Bringing You the Daily Dispatch

All we wanted was to protect the River Wye from pollution. Now we’re stuck in a catch-22 | Oliver Bullough
Environment World News

All we wanted was to protect the River Wye from pollution. Now we’re stuck in a catch-22 | Oliver Bullough

The state of Britain’s rivers is incredibly depressing: the water companies dump too much sewage, the farmers dump too much muck, and the regulators are too cowed and underfunded to do their job and stop them.

It wasn’t always this way. As a child I used to swim in the River Wye and I remember the clouds of mayflies in the summer, as well as huge leaping salmon. It was thanks to this wealth of wildlife that the Wye was classified as a special area of conservation along its whole length. Sadly, however, thanks to the failure of the Welsh and British governments to protect the river, much of this abundance is gone, and the Wye’s official status is now “unfavourable – declining”, thanks to pollution from manure and sewage.

This deterioration has not gone unnoticed by the rivers’ visitors: swimmers regularly complain about getting upset stomachs after they venture into the water. My kids still swim in the Wye, but many of their friends’ parents are too concerned about them getting sick to allow them in. It feels as though our river is being taken away from us.

Fortunately, we citizens have a tool we can use to oblige politicians to take notice and force regulators to do their job. By law, the water quality of any stretch of river that is officially designated as having “bathing status” must be checked, and if it’s deemed to be poor, the government must take steps to improve it. And what are the grounds for designation? “Large numbers of bathers at sites during the period 15 May to 30 September,” according to the Welsh government’s guidance.

All you need to do is gather evidence that people swim somewhere and then apply for status; so we at Friends of the River Wye, a group set up by local people to monitor the river’s health, decided to do just that. Over the summer of 2022, our volunteers regularly visited the Warren, a popular bathing spot just upstream of Hay-on-Wye, and recorded how many people were swimming, fishing, using the beach and canoeing. We consulted local businesses and residents, environmental groups, the town council, everyone we could think of. A year ago, we submitted the application.

We were confident that we would gain designation. On just one day in July, we recorded 150 people on the beach, 32 people swimming, eight people canoeing and six people paddling, which was definitely enough to count as a “large number”. Even in May and September, we had recorded people in the water. We had support from local members of the Senedd and from the House of Commons; from local canoeing companies, campsites, the Wildlife Trust and more. The Welsh government, which makes a lot of its supposed commitment to “future generations”, claims that improving water quality is a key priority, so we would presumably be pushing at an open door.

If we were to achieve designation, the implications would be enormous. The Warren is only a few hundred metres from the border of Wales and England, but the Wye drains much of mid-Wales. By forcing the government to improve water quality there, we would be forcing it to improve the entire Welsh catchment of the Wye. Politicians in Cardiff would actually have to do something to protect this special area of conservation.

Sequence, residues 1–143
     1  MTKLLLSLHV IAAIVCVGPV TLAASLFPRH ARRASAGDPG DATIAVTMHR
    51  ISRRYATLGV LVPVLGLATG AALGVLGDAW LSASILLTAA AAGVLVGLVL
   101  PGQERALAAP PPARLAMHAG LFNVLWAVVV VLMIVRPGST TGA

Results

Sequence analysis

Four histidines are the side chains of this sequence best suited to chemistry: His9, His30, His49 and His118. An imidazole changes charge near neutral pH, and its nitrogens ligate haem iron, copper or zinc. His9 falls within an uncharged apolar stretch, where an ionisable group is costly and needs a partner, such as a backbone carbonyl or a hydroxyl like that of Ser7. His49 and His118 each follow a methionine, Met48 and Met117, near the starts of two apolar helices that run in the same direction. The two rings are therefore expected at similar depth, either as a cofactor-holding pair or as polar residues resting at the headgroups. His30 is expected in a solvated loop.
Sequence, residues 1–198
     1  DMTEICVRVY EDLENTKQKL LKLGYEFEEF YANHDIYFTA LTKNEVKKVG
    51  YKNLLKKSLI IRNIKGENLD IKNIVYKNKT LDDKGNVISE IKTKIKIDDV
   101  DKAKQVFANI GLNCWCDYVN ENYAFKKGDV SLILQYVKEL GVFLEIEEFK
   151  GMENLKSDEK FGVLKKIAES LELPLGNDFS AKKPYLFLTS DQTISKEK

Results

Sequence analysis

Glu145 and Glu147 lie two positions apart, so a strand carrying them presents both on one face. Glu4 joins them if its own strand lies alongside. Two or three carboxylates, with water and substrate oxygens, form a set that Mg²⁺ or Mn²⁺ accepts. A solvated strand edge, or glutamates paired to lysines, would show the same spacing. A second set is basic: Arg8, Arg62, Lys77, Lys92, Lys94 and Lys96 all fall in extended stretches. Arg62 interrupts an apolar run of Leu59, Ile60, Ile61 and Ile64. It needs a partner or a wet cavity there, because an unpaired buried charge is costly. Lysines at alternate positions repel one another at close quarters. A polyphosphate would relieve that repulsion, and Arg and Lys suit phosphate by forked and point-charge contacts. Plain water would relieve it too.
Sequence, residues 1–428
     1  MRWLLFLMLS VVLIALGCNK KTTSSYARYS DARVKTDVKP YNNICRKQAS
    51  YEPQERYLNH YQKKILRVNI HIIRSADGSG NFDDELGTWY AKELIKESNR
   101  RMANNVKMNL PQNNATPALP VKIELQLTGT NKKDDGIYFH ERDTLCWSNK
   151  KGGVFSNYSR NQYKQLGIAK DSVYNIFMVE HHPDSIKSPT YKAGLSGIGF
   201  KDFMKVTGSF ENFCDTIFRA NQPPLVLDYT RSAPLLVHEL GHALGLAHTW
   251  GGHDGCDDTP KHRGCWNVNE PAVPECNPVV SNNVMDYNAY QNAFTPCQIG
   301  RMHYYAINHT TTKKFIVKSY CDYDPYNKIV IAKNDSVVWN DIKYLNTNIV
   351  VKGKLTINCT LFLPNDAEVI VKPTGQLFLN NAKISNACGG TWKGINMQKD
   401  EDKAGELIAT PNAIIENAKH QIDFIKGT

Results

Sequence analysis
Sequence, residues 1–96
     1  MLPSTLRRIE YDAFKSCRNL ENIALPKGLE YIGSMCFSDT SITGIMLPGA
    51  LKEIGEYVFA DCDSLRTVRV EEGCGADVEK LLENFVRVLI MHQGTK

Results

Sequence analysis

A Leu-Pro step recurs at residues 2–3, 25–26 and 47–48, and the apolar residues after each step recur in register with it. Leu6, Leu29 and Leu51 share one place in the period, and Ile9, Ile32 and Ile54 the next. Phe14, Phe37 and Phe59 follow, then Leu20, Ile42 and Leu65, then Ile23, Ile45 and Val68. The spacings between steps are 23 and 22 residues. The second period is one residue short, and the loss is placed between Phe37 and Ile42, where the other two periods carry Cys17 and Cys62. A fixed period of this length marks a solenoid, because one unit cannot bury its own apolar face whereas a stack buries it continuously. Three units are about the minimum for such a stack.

But last week they turned us down, on grounds that made the frustration even worse. The Welsh government is apparently concerned that having bathers in the river will harm the environment, considering its protected status and the Warren’s position as a site of special scientific interest. “While there is appropriate evidence on the number of bathers at the Warren,” the government said in its letter to us, “there are significant concerns regarding the environmental impacts on the site should it be designated as a bathing water.”

This is an absurd, catch-22 situation. The only way to protect the river is to prove people swim in it – but to have people actually in the water, according to the Welsh government, is to environmentally endanger it. The truth is that the Warren is already a popular spot to swim – bathing status or not. The stretch of river is famous, having been recommended as a bathing site in guidebooks for decades, and in publications ranging from the Daily Mail to Condé Nast Traveller. In the summer, dozens of people swim there every day, tourists as well as us locals cooling off after work. Dozens more people canoe past on their way downstream.

The only real impact of granting bathing status to the stretch of river would be to force the government to protect the health of the people who use it by improving the quality of the water. That would also give the Wye’s birds, mammals, fish, plants and insects a chance to thrive in a river that’s not being used as a waste-disposal chute.

Earlier this month, the Conservative government in London published an “action plan” to improve the Wye that didn’t even mention the need to enforce the environmental rules that are supposed to protect the river. Now, by refusing our bathing water request, the Labour government in Cardiff is using environmental safeguards it is failing to enforce as an excuse not to protect the river. It is infuriating, but we must use their intransigence as a spur to action. If apathy about this environmental emergency is shared by both main parties, we citizens need to become ever more ready to force politicians to do what is needed to protect our rivers.

  • Oliver Bullough is the author of Butler to the World: How Britain Became the Servant of Tycoons, Tax Dodgers, Kleptocrats and Criminals

Source: theguardian.com